Greater Production Campaign

As a part of the war effort, the government attempted to increase food production by diverting ‘unused’ reserve land and money into the cultivation of food for the war effort. It was reported that of the 340,000 acres of available pasture in Southern Saskatchewan only 120,000 were being "properly" used, and the rest could be better cultivated by settlers. Compared to the policy of the early years of war, which asked First Nations people to contribute their labour and land to the war effort, the production campaign eliminated the voluntary nature of assistance. The campaign featured three components – encouraging First Nations people to increase their agricultural production, leasing reserve lands to settler farmers, and establishing “greater production” farms on reserves, which were directed by Indian agents and employed First Nations labourers. First Nations were also encouraged to help the farmers in their district with harvesting crops. This Campaign also permitted the Department of Indian Affairs to use ‘surplus’ band funds to buy machinery and farming supplies for these greater production farms. This program bears resemblance to a program enacted in the United State the previous year.

Other Note

Greater Production Farms were established on Assiniboine, Crooked Lakes, Muscowpetung and Touchwood agency reserves.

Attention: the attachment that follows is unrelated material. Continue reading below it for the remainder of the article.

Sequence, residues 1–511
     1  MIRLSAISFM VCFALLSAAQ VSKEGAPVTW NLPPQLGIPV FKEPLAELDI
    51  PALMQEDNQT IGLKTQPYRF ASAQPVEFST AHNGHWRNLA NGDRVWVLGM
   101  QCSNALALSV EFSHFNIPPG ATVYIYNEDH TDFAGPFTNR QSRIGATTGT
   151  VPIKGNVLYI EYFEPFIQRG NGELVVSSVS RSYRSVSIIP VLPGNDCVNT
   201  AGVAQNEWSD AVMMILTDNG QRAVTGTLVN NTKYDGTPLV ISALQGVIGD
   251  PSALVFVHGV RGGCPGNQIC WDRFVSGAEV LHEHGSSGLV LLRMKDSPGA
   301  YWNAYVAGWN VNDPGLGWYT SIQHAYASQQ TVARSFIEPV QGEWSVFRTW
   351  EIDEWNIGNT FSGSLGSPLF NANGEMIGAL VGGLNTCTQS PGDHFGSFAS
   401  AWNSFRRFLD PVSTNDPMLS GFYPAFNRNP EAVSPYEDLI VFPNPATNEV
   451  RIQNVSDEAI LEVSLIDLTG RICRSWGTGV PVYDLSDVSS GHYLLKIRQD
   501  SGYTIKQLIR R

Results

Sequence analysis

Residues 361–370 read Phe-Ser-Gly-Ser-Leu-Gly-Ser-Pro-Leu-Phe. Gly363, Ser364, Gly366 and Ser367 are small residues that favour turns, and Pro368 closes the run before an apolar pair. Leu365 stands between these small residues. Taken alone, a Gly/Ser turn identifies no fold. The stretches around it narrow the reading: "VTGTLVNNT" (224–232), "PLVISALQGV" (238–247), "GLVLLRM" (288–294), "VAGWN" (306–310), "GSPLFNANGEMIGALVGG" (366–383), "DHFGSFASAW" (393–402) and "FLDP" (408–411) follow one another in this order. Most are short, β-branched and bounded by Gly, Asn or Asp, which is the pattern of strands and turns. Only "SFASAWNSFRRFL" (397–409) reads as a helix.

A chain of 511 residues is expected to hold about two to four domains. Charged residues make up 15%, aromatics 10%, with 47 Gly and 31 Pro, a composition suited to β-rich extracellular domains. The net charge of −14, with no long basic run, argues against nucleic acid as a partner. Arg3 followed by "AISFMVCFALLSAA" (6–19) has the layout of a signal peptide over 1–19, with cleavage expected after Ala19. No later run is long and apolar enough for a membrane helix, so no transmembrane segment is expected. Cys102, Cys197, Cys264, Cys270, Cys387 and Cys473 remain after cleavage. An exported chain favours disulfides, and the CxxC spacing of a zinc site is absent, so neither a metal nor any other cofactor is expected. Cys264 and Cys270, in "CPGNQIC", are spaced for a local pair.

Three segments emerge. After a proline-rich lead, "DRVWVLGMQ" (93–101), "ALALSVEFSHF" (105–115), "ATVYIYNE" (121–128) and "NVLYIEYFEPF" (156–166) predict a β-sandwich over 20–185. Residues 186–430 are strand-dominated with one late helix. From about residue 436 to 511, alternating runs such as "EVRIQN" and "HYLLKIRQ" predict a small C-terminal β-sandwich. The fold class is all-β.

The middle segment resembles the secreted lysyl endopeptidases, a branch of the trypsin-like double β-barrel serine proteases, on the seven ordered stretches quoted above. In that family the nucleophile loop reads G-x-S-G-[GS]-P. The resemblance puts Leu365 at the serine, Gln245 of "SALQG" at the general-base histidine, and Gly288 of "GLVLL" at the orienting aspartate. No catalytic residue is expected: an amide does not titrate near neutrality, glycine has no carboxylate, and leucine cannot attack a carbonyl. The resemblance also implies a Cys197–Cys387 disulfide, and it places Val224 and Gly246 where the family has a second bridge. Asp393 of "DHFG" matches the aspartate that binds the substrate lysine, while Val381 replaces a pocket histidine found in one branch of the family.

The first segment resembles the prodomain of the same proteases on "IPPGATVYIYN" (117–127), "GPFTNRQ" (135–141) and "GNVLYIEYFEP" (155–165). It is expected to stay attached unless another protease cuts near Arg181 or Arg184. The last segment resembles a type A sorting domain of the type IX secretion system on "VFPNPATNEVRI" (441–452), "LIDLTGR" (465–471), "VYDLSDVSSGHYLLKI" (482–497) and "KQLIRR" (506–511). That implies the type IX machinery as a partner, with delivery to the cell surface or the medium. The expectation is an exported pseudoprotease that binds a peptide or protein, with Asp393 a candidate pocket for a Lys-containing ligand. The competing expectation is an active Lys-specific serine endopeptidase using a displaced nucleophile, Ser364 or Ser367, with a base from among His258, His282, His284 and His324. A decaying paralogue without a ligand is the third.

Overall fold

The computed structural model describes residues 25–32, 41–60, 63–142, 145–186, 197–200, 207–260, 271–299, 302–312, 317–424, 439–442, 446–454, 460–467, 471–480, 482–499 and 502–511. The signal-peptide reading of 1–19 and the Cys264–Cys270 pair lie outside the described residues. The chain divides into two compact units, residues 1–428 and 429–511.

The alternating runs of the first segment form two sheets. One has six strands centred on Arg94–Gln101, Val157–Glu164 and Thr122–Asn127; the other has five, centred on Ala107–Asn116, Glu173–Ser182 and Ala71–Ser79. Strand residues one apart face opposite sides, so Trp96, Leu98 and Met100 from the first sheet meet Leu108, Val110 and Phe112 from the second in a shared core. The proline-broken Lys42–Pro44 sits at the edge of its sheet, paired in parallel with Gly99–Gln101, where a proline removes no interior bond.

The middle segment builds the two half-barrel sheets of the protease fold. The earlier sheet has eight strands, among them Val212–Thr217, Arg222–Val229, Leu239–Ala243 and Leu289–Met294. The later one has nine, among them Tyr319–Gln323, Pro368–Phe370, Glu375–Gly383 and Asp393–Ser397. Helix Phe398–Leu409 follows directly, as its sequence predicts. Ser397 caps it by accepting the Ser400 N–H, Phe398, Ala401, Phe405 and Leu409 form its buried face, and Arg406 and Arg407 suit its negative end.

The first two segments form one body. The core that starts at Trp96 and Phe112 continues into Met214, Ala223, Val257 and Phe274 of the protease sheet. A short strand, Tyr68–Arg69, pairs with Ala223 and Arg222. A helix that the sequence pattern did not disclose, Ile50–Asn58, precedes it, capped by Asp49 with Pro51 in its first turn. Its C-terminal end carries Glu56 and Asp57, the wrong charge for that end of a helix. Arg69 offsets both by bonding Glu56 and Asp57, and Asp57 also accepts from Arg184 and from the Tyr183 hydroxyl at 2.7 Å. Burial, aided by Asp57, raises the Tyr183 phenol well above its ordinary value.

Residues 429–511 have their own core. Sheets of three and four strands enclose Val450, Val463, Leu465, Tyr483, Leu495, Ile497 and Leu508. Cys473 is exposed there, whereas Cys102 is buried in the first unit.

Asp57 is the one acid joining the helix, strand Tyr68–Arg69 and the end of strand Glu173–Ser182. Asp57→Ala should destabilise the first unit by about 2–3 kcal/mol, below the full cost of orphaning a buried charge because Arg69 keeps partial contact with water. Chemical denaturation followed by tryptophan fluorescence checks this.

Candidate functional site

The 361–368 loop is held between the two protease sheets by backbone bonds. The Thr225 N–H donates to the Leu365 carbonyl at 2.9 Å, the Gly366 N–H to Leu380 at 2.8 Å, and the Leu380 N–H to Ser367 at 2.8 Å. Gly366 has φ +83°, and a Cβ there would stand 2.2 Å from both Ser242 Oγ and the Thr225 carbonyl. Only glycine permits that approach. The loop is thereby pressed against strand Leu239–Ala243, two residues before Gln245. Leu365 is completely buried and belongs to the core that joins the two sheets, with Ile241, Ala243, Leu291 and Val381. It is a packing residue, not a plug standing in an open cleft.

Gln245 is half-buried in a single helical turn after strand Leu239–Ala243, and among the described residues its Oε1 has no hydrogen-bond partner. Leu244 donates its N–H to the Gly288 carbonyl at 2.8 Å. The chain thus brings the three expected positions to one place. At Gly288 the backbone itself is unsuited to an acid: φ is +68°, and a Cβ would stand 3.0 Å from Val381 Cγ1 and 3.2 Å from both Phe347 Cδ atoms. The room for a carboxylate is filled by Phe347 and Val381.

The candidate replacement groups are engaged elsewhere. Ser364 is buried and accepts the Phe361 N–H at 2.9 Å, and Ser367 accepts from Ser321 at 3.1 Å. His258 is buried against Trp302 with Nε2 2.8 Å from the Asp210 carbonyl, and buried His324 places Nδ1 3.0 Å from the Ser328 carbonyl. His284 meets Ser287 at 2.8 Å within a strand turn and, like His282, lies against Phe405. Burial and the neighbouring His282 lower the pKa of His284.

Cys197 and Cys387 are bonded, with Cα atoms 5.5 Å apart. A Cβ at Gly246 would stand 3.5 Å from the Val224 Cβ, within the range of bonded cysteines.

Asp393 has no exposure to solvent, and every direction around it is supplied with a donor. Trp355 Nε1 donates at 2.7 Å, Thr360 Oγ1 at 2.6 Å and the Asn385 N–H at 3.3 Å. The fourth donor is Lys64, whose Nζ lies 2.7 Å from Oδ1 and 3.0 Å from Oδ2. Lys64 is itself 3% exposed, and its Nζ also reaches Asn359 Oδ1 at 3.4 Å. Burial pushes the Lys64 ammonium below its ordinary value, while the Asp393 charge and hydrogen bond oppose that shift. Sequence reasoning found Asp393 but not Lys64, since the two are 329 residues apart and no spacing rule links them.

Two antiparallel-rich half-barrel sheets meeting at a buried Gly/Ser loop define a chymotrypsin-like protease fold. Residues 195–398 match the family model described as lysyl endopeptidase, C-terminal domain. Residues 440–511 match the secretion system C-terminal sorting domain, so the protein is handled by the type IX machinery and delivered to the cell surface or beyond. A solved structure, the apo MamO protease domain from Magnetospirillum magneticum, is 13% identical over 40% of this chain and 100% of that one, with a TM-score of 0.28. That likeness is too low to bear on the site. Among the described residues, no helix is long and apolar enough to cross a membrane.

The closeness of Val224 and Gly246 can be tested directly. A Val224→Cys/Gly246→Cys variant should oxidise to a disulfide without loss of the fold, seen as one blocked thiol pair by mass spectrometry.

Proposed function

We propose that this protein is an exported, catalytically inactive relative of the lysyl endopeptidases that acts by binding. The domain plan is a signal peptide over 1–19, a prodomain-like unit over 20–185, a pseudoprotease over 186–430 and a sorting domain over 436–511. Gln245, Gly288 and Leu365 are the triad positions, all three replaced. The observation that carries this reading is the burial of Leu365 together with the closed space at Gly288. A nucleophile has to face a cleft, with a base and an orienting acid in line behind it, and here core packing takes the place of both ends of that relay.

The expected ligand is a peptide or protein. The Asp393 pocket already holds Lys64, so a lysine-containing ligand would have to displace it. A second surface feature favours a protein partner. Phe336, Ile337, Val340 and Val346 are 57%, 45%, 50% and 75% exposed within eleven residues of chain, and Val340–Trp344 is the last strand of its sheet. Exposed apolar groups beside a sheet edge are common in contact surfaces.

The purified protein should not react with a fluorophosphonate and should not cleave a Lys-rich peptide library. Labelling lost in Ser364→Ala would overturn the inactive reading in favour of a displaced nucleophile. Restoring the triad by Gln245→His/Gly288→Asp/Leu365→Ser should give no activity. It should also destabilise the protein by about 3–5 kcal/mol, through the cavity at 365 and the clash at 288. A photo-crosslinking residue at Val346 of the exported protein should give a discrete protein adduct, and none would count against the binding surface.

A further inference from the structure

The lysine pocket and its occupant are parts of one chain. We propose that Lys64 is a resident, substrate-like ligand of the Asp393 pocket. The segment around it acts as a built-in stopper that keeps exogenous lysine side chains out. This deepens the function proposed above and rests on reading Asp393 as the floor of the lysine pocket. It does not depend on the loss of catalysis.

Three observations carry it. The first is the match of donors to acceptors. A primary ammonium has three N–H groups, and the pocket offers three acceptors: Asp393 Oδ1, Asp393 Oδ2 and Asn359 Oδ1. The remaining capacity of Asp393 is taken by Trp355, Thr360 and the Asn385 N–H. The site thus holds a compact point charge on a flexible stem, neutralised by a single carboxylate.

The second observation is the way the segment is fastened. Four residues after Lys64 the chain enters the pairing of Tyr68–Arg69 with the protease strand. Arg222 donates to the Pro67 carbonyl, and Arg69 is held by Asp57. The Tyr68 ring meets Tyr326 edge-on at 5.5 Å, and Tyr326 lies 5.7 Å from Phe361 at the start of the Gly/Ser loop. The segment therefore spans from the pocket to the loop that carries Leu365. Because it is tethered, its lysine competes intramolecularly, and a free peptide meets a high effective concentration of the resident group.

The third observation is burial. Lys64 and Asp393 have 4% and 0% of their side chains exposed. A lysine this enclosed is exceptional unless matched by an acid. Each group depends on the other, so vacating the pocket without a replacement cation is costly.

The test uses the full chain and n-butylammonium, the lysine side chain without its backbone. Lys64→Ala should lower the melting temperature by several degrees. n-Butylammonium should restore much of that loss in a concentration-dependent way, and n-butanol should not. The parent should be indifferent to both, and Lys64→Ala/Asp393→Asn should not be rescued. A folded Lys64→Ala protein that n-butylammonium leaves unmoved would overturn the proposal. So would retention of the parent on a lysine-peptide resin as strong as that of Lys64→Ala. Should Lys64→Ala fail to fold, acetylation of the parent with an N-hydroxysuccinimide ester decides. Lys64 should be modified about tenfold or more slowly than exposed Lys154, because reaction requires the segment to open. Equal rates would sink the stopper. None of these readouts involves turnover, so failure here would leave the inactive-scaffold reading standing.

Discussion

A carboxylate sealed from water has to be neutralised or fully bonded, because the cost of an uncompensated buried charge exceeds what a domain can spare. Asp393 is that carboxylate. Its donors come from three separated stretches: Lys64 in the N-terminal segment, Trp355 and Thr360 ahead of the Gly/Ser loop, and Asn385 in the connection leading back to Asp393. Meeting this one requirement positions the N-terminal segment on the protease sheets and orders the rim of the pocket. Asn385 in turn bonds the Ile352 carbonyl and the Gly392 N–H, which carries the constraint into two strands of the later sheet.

This policy gave government officials greater control over Indigenous lands and peoples under the pretense of contributing to the war effort. It also imposed a Eurocentric perspective on land productivity, such that land existed for cultivation and profit, and should fulfill its agricultural potential. The appropriation and surrender of Indigenous lands was a common theme in the late 19th and early 20th centuries. The Greater Food Campaign allocated reserve lands that were designated for First Nations peoples and their families (including any future kin) for farming and ended in the hands of settlers. This would create smaller reserves and incidentally effect the opportunities for First Nations peoples on reserves and their access to food/resources.
Rural or Urban
Start Date
End Date
File Description
An Act to Amend the Indian Act: 8-9 George V, Chapt. 26